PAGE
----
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crime and punishment segment tonight, a former teacher who admitted to rapes his then 14-year-old student walked out of jail in montana today after serving only one month. stacey rambold here he is entering a probation office in billings. we've been covering the outrage surrounding this case for awhile, not only for the light sentence he received but for the comments the judge made about the victim suggesting she was partly to blame because in his opinion she seemed and i quote, older than her chronological age. she was 14, remember. the judge later apologized, but there are still calls for him to step down. the victim killed herself before the case went her trial. her mom said she is still waiting for justice for her daughter. for now the man who raped her daughter is no long behind bars. kyung lah joins me from billings, montana. you caught up with this guy outside his parole office. did he have anything to say or was he just scurrying away? >> reporter: scurrying away. other than actually shoving me out of his way he didn't have anything to say to us going in, going out.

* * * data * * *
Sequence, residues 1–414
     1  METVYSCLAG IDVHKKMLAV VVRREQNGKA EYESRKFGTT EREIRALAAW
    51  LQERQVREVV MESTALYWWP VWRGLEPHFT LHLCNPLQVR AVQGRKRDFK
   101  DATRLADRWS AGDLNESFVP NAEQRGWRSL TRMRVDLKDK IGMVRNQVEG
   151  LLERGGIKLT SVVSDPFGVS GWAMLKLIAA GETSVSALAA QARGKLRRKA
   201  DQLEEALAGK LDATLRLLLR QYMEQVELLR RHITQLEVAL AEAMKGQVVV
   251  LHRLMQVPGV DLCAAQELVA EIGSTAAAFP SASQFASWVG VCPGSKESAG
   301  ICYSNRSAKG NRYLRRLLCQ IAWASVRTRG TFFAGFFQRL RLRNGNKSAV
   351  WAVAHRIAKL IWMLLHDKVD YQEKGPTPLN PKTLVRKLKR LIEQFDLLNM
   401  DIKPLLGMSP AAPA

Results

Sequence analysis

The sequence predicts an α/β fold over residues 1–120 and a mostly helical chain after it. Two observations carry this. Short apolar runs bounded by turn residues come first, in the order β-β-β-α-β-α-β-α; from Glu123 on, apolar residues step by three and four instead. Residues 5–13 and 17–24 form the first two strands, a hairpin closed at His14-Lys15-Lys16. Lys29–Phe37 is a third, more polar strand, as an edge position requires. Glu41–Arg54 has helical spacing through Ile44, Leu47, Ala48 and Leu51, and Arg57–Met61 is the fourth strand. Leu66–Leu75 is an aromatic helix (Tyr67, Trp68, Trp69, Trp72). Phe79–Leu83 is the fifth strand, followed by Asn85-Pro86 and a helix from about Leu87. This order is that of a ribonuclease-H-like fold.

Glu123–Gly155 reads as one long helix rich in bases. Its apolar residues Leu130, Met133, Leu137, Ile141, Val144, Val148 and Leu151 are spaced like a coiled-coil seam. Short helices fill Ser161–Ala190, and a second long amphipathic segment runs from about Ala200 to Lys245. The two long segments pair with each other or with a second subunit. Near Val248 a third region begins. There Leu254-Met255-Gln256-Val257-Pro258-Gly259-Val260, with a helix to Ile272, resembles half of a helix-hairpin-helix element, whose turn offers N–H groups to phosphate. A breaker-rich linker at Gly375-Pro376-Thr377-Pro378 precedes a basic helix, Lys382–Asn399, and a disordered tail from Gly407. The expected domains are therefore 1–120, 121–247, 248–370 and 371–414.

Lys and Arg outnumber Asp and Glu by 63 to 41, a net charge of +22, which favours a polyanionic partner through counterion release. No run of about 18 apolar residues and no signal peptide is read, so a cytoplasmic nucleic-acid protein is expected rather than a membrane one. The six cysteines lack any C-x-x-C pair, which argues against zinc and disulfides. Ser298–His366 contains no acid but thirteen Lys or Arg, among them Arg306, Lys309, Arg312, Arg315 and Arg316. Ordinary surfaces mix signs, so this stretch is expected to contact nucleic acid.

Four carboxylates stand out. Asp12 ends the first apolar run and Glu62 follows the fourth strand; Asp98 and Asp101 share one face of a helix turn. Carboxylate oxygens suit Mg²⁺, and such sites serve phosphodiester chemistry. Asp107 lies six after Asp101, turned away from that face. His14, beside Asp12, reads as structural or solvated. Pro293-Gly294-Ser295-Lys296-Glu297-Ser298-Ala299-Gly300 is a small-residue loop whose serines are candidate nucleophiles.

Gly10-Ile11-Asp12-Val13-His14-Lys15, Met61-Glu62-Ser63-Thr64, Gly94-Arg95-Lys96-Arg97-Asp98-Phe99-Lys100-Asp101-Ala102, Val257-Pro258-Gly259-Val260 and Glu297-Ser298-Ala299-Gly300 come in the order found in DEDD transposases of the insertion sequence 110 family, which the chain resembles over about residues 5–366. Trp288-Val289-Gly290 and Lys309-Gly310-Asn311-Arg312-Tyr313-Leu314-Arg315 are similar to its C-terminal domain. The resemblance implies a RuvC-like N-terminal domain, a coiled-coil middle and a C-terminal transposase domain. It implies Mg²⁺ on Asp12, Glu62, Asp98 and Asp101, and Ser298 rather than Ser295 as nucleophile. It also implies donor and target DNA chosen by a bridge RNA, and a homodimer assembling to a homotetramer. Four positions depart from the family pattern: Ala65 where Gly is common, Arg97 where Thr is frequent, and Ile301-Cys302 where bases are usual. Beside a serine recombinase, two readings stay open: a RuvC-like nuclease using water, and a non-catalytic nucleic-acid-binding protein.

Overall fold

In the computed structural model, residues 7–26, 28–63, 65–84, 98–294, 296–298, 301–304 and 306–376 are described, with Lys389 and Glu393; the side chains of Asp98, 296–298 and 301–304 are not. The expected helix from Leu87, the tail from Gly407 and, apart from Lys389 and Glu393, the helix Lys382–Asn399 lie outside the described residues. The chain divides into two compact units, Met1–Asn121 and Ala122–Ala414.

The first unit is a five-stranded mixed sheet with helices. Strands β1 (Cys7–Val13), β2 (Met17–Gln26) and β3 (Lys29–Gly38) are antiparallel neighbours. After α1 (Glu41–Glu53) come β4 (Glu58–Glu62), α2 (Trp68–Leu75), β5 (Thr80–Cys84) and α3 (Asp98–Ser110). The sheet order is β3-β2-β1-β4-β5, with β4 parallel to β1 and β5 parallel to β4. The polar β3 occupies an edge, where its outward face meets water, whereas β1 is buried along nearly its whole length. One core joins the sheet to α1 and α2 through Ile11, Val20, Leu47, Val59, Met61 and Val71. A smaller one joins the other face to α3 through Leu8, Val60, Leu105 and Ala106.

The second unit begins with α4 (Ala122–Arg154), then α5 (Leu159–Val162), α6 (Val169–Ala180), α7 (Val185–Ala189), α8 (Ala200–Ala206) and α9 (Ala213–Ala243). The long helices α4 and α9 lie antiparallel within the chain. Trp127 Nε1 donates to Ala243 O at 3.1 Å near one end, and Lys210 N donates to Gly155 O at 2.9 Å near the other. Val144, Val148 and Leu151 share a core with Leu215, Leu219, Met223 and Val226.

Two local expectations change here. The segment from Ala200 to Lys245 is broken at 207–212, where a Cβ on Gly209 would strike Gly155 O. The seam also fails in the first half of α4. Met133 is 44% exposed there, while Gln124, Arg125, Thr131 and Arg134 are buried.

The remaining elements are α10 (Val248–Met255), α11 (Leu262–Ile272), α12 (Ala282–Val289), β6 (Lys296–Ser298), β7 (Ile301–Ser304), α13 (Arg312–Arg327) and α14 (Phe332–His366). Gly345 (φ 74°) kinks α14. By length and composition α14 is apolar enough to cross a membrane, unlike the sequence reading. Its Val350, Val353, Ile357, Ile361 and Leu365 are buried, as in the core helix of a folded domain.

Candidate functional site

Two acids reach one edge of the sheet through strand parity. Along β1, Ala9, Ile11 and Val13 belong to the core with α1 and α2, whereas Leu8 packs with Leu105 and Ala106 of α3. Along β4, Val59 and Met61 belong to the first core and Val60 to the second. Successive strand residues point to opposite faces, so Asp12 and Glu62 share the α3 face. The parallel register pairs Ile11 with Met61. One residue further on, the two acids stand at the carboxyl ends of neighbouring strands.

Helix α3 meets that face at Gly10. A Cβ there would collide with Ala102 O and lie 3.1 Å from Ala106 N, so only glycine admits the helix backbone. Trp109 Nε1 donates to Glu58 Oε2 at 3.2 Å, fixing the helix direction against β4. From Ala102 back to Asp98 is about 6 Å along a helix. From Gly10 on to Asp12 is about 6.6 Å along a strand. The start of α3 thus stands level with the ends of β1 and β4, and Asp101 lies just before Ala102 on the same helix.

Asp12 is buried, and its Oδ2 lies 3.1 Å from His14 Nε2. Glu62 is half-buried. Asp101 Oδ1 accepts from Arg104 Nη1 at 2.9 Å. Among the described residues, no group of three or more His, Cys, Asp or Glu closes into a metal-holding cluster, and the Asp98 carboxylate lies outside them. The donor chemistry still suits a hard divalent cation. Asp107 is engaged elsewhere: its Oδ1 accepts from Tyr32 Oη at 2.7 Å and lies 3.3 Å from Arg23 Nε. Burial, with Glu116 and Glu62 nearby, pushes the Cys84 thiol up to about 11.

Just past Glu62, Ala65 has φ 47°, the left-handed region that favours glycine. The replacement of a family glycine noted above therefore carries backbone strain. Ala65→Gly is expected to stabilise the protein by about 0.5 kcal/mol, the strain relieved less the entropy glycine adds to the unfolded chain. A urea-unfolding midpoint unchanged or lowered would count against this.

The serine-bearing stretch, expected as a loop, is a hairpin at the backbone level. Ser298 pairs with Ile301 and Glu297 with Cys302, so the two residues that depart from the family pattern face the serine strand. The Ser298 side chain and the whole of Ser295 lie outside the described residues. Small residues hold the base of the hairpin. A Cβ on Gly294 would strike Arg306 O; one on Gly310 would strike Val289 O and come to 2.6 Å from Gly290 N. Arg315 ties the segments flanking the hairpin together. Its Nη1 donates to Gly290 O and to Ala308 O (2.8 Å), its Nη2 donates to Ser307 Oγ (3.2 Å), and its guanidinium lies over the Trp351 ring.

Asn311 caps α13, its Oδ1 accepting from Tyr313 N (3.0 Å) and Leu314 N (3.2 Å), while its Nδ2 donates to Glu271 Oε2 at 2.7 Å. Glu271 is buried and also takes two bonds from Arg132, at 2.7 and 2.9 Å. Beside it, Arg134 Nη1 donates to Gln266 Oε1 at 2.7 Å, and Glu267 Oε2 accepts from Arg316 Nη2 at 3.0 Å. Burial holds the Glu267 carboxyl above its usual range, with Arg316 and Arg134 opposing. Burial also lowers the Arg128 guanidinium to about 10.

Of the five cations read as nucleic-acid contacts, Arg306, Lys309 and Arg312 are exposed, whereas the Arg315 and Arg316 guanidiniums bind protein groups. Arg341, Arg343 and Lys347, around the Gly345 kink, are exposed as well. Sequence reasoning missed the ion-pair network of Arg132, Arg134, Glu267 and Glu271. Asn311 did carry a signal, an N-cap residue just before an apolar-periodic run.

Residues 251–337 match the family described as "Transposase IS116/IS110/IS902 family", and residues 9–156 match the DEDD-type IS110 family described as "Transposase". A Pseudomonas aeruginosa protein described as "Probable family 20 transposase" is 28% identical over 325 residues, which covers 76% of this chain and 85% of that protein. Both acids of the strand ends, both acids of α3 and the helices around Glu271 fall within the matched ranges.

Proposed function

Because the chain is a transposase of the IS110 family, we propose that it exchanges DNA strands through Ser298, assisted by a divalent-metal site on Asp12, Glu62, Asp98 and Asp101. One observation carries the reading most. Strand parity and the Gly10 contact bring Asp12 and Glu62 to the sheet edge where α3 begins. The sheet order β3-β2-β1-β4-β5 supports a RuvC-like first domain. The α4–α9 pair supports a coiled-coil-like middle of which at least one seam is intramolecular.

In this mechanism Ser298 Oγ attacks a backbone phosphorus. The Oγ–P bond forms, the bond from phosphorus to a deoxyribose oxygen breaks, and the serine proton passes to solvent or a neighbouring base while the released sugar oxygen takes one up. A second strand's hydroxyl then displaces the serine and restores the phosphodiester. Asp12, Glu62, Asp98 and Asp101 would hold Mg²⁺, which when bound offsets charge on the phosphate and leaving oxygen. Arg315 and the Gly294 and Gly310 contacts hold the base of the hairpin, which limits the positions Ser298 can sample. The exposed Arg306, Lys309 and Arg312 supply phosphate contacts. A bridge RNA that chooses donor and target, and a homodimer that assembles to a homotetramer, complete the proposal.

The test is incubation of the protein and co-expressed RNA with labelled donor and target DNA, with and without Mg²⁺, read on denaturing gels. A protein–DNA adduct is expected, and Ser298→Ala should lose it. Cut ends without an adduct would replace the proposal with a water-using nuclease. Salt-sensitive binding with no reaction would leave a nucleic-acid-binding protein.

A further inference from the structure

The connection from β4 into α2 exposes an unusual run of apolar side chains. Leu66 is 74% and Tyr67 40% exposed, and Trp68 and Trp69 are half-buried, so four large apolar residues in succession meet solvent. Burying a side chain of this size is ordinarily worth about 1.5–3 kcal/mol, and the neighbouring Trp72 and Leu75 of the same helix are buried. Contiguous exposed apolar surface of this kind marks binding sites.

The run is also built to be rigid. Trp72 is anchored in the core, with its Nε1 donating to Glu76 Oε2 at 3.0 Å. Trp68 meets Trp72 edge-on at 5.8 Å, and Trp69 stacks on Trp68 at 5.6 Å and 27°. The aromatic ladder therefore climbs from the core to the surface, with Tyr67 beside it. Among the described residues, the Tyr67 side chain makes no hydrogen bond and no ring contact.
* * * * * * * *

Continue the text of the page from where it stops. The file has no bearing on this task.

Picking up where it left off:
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he wore a ball cap. he actually tried to switch out cars as he was leaving so he didn't tip us off that he was actually going to be exiting out of the parole office. we asked him questions about the sentence, about charisse morales if he had anything to say about this young girl. he had nothing to say. >> do we know where he's going now? does he go home and pick up where he left off a month ago? >> reporter: essentially, yes. he has served his time. he is free on parole. he does have to follow the conditions of parole. there are some 59 things he has to do, cannot do. he can't open a checking account. he can't get on the internet. can't be around kids. he can't even walk into a bar. it's quite restrictive. but he is still home, he is essentially free because he's done his time. >> as far as this appeal with the montana supreme court, it could send him back to jail. what's the latest with that? what's the status? >> reporter: well, it's stuck. we have seen certainly in this case the wheels of justice move quite slowly.